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First we would need to know what you mean by "prostate cancer symtoms". The only way to identify PCa is by having a biopsy performed by a urologist.
If you could explain these symtoms, that would help get started. Also, you should get a second and perhaps a third opinion from other urologists.
Prostate cancer is more previlent in men over 50, but having said that, It is certainly not impossible that a 36yr old could have PCa. Did the Oncologist give your Partner a PSA and then a DRE test? if so what were the results. If he has an infected Prostate or BHP is he being treated for it?
If PCa starts to hurt, ie. trouble passing urine, blood in urine ets. then it is generally in the advanced stage, the earlier it is detected, the more chance of a cure.
Admittedly your partner is young to have PCa, even if it is just for peace of mind, I strongly suggest that he has it checked out, as you are obviously worried.
Just read some of the stories on this site, believe me, PCa is not a good way to die.
Why did your Partner go to an Oncologist? was he referred by your Dr? If that is the case, I suggest you get a second opinion from another Oncologist.
Please keep us informed of the outcome if you decide to take control of your Partners Prostate health worries.
I hope that he dosn't have PCa, but it is way better to be sure than sorry.
My common-law husband has been having a lot of prostate cancer symtoms. Now I know that this could also be an infection called prostatitis but I am looking for thoughts. When he went to the urologist, the doctor told him that he is too young to have cancer (he is 36 years old), and that this cancer doesn't hurt.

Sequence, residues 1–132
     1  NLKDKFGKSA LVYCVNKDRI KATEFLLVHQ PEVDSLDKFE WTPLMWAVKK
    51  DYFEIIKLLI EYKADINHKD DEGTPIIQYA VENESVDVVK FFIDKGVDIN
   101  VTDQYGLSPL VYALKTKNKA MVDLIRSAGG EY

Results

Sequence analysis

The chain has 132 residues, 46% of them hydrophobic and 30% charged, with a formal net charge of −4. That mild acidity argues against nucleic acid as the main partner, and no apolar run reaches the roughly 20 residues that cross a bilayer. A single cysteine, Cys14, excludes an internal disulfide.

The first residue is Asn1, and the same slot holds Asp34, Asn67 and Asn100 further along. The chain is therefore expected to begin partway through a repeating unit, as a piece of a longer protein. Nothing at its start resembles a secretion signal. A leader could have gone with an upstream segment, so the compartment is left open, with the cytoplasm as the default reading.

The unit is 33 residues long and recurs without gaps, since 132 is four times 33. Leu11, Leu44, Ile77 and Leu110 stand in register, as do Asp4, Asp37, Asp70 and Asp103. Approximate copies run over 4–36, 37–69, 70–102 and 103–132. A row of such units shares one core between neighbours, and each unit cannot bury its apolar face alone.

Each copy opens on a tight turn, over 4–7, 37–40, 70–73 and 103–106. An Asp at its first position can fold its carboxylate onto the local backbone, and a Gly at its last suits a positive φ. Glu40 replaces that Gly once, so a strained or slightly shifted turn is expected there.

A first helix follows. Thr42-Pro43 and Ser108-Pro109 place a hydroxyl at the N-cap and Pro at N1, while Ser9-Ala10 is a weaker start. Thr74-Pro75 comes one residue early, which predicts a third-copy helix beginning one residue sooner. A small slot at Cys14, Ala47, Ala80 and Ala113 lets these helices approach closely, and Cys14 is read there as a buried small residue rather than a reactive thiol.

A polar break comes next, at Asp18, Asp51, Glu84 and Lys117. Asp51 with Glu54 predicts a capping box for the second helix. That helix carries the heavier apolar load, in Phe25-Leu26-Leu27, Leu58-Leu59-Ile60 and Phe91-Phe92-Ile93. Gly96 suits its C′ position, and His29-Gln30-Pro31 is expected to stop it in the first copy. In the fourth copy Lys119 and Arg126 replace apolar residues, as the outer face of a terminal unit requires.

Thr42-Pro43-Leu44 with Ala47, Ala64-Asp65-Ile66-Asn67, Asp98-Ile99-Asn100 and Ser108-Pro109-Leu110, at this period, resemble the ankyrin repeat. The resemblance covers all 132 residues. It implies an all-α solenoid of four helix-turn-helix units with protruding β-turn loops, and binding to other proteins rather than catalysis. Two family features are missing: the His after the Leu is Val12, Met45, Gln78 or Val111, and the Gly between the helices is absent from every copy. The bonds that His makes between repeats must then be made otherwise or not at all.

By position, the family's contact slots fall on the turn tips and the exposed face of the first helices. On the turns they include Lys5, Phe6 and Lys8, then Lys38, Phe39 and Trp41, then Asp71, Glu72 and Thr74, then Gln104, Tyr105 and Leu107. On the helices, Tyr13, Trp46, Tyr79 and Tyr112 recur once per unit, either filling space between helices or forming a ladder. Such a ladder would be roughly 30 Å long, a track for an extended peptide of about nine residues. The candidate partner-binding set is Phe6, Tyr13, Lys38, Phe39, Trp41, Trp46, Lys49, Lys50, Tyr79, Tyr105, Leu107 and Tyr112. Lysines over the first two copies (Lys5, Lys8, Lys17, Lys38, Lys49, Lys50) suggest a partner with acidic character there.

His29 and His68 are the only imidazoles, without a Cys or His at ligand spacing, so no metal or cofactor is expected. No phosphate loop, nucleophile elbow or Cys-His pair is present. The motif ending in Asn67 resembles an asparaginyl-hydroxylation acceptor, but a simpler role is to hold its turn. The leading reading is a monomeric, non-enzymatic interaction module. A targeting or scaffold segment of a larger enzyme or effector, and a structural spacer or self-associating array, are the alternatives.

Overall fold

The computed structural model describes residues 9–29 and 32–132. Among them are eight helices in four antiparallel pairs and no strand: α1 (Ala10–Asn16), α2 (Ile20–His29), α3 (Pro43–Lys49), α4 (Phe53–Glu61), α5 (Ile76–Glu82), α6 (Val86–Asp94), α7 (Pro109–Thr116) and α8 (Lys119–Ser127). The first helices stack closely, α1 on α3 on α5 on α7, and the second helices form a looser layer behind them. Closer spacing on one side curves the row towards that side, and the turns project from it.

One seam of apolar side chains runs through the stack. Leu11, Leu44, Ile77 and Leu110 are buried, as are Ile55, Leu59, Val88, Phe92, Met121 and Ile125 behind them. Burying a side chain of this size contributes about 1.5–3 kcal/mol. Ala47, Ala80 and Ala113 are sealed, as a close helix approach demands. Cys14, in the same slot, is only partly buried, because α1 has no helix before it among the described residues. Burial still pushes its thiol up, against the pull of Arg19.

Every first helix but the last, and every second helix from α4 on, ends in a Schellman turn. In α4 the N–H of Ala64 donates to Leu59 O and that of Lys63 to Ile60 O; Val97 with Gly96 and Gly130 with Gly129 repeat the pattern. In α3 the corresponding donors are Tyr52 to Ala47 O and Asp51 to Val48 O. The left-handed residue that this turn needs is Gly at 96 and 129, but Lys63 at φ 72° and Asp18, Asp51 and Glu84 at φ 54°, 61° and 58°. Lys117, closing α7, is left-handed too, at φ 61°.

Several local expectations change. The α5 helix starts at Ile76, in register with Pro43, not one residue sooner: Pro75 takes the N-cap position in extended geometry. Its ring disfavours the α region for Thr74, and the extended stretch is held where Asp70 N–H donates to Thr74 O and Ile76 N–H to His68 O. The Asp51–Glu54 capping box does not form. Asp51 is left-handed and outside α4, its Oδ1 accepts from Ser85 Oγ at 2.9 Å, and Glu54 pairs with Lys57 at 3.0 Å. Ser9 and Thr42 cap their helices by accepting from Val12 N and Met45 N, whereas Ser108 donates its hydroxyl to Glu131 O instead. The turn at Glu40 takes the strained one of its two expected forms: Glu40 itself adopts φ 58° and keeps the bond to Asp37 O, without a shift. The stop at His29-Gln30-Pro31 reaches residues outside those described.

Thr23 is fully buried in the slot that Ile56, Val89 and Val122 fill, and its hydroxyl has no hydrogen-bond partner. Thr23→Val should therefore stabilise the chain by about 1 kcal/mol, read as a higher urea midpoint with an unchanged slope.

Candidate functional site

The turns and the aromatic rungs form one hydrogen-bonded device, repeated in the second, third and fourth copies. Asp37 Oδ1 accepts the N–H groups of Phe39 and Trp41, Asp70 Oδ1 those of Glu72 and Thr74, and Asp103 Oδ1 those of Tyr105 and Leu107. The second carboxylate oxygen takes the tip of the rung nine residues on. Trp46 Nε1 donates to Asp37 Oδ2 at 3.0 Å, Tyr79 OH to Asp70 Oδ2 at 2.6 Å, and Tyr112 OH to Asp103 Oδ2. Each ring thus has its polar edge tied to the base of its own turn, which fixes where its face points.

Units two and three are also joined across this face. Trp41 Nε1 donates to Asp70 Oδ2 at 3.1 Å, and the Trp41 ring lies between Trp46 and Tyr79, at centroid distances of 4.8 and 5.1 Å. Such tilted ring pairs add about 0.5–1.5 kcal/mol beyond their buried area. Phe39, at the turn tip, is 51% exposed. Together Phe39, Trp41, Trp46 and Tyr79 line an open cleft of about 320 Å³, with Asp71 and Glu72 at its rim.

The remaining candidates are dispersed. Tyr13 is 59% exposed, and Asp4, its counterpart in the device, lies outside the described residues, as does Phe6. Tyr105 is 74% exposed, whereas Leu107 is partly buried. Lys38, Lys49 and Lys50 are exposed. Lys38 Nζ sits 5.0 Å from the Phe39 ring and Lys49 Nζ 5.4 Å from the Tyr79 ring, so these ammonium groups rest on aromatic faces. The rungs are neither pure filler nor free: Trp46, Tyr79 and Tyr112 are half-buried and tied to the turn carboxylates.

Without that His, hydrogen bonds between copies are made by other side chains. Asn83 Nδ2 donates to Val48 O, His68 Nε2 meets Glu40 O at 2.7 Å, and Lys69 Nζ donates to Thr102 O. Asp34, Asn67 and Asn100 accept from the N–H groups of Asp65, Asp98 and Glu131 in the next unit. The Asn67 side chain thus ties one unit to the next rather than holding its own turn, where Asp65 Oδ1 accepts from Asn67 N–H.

To deal with the last bit first, I think that what the doctor may have been saying was that in early stages prostate cancer rarely causes pain or any other symptoms - and it seems from the first part of what you day that your partner is suffering some painful symptoms.
At 36 he would be very young to have prostate cancer. Less than one man in a hundred diagnosed with prostate cancer is under the age of 45.
As John has said, tyour partner should have had a DRE (Digital Rectal Examination) a PSA and free PSA test and various other tests for infections of the bladder or prostate gland, which, in a young man are far more likely to give rise to painful symptoms and even a raised PSA number. Another source of problems, which I hesitate to mention, but nevertheless needs to be said is that the kind of symptoms you may be talking about are also associated with sexually transwitted diseases.
All in all what Joe, John and I are saying is that there are many causes for symptoms and all should be considered, but prostate cancer is probably the elast likely.
You might like to read A STRANGE PLACE to give you some background information.
Prostate men need enlightening, not frightening
Terry Herbert in Australia- diagnosed in 1996 and still going strong